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11 Nifty Javascript and CSS Libraries for Newb Programmers (Like Me)

One of the things that can be surprising to people who don’t spend much time creating software is just how much code is really a giant mashup of pre-existing pieces of code that have been modified to interact with each other. The beauty of software is that it can be used without being consumed, like an idea or a piece of writing, and that’s what makes it so powerful.

In building side projects, I’ve found and used a number of neat Javascript (and CSS) libraries, which are organized bundles of code that perform specific functionality or style websites in certain ways. Here I’ll share eleven of my favorite ones. I know there are many, many, more* but as an apprentice programmer, these ones are particularly easy to use and I’ve been happy with them.
Continue reading…

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Early Observations from My New Podcast on Breaking Records

A few weeks ago I launched a new project called The Record Breaking Podcast (link to the podcast on iTunes). In each episode, I interview someone who has set or broken a significant record. Often these are world, first-ever, all-time records, though I do sometimes veer into records that may not be of that caliber yet are personally meaningful. I’ve interviewed four people so far and already I’m learning all kinds of interesting things Continue reading…

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Interviewed for the NYTimes’s The Upshot on Silicon Valley

The New York Times’s sub-brand The Upshot [1] recently did a piece called What It’s Really Like to Risk it All in Silicon Valley. The article follows Nathalie Miller, who left Instacart to start Doxa, a company in the recruiting space focused on getting women into technology firms. The piece includes commentary from a number of folks on the Silicon Valley experience, including Tristan Walker of Bevel, Julia Hu of Lark, and Jason Shen (me) of Ridejoy, talking about the often unspoken challenges of entrepreneurship.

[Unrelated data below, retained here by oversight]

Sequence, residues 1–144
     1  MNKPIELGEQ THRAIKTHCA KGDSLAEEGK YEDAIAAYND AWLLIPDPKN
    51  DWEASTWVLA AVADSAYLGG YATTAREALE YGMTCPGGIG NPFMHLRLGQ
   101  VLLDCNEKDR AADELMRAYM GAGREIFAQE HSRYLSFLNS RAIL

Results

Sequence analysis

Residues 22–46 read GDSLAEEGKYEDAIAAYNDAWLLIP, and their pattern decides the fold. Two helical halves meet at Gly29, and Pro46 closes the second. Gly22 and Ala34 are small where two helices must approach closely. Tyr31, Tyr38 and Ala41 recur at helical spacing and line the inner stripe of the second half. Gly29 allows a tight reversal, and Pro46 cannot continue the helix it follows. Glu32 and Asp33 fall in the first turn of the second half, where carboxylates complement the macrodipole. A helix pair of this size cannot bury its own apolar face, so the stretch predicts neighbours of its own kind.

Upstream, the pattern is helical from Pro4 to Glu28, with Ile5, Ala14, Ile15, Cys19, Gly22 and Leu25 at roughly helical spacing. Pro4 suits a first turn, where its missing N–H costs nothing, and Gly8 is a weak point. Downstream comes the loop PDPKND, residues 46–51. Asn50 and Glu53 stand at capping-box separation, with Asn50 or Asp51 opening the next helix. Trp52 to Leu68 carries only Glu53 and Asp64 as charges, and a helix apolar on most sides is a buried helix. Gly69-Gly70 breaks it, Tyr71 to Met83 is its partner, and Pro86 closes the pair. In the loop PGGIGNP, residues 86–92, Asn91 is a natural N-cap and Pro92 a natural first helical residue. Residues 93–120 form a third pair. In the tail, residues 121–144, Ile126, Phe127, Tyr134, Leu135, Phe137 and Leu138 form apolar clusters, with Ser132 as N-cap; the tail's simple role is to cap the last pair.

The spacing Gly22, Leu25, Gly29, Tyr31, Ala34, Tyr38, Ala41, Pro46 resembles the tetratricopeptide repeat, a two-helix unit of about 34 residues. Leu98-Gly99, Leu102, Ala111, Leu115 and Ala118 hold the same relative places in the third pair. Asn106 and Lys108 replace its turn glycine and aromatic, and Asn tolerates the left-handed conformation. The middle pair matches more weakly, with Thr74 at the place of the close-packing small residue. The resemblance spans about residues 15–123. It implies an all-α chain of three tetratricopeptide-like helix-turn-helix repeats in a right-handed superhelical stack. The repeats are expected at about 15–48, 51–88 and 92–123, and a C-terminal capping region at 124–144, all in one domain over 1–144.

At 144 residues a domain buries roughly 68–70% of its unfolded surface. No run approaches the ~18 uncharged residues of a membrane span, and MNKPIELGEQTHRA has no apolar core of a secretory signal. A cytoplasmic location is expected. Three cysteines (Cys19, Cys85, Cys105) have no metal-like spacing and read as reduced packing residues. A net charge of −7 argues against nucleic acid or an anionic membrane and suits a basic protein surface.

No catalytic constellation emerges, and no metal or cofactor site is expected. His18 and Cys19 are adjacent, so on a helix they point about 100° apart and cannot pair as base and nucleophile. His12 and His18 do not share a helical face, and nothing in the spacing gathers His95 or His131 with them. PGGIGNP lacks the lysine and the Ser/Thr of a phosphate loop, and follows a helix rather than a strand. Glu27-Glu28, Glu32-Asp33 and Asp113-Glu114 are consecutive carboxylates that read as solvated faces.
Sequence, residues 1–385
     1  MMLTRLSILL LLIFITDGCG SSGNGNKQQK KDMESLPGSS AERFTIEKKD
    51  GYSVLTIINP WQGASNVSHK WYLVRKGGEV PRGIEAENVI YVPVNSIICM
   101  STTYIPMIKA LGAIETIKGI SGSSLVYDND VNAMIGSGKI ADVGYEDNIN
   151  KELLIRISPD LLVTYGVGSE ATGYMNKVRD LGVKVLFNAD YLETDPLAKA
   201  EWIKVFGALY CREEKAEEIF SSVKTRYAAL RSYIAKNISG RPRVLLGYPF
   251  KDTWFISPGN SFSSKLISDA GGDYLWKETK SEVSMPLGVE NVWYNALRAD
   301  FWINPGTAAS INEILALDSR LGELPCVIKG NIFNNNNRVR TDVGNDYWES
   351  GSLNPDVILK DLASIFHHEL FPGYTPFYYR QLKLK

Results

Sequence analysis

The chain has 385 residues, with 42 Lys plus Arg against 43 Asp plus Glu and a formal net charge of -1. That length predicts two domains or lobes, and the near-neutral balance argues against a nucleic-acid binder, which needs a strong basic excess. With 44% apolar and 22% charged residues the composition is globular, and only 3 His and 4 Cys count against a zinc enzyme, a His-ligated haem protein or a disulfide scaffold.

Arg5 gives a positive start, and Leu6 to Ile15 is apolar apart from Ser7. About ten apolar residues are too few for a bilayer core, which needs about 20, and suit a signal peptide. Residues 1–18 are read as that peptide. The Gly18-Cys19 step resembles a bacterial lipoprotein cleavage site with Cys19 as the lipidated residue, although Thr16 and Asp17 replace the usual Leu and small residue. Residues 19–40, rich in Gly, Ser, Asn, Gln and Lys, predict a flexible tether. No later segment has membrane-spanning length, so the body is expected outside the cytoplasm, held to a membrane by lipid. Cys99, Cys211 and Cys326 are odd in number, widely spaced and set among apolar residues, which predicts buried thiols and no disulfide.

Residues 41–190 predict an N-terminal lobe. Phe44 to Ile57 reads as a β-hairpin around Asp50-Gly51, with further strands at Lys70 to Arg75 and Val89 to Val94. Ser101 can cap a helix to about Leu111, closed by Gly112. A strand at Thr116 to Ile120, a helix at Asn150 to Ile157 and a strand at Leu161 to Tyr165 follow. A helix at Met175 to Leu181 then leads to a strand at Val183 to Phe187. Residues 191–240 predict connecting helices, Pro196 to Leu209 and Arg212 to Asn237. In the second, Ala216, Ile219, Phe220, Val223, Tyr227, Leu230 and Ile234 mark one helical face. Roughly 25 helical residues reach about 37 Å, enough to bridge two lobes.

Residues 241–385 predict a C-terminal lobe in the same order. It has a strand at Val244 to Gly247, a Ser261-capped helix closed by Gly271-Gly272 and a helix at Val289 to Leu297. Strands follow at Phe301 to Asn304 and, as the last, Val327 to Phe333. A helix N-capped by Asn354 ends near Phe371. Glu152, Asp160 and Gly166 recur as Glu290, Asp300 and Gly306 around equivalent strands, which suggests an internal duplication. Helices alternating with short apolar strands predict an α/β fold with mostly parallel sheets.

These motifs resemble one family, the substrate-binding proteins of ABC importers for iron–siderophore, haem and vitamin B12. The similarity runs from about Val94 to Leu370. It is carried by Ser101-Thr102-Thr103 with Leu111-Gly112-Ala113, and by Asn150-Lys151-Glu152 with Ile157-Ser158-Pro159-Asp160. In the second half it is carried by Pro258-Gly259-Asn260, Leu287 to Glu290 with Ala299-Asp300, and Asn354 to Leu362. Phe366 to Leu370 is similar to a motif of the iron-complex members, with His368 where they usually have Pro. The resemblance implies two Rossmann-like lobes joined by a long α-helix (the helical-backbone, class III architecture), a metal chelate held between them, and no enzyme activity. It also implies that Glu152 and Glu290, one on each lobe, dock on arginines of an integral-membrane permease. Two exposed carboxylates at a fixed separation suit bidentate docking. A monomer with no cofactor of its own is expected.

As the writer Claire Cain Miller explained to me, her goal in following Miller for 6+ months was to tell the story behind the hype of the Valley, and show that doing a startup is not all about unicorn status, launch parties, and huge rounds of financing. I had fun talking to her and they even sent a photographer out to take a photo of me in DUMBO.

It’s a great piece and you can read the whole thing here.


[1] The mission of The Up Shot: making events in the news and things in the world clearer, so people can converse about them, and cut through the fog with a certain confidence, as when we say, “The upshot of it is…” (source)

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The Problem with “Where Are You From?”

In case you missed it, I wrote up the results of the Asian American Man study on Medium.com, where it’s been read by over 70k people. National Journal, an Atlantic Media’s publication, also wrote a great piece featuring the research in an article called: Asian Americans Feel Held Back at Work by Stereotypes.

Today we’re going to talk about a phrase. It’s a phrase you might use innocuously and infrequently, but one that many Asian Americans hear on a weekly if not daily basis, and can feel unfriendly, even alienating.

That phrase is “Where are you from?” Continue reading…

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My Reading Notes on The Advantage

I recently finished reading The Advantage: Why Organizational Health Trumps Everything Else in business by Patrick Lencioni. You’ve definitely heard Lencioni’s other books: Death by Meeting and The Five Dysfunctions of a Team were two which popularized the trend in the late aughts of the business book as a fable.

This book is more of a typical nonfiction business book: a main idea broken into several components with tactics combined with stories and case studies from consulting engagement it’s plus personal anecdotes all rolled into one concise and clearly written book. Continue reading…